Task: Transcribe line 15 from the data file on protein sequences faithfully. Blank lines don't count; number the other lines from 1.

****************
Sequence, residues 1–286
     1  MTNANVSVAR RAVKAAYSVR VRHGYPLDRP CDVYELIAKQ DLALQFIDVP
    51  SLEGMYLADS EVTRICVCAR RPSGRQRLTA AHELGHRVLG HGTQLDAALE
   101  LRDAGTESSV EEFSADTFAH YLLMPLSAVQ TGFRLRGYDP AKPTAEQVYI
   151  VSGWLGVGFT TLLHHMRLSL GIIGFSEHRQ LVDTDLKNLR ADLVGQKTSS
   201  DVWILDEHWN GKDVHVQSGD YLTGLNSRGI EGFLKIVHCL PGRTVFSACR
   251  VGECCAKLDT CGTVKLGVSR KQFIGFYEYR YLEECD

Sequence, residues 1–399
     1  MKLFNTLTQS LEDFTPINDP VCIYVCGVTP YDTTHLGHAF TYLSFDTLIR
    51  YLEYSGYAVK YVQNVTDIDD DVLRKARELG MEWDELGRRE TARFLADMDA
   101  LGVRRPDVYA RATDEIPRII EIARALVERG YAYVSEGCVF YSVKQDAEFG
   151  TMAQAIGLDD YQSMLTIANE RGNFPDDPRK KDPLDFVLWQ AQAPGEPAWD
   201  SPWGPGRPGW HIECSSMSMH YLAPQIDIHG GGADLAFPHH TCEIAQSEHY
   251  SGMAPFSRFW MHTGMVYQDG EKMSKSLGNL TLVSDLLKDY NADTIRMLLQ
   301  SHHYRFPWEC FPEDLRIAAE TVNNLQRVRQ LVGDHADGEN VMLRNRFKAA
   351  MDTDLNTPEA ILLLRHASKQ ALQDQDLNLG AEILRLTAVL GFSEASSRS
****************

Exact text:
   301  SHHYRFPWEC FPEDLRIAAE TVNNLQRVRQ LVGDHADGEN VMLRNRFKAA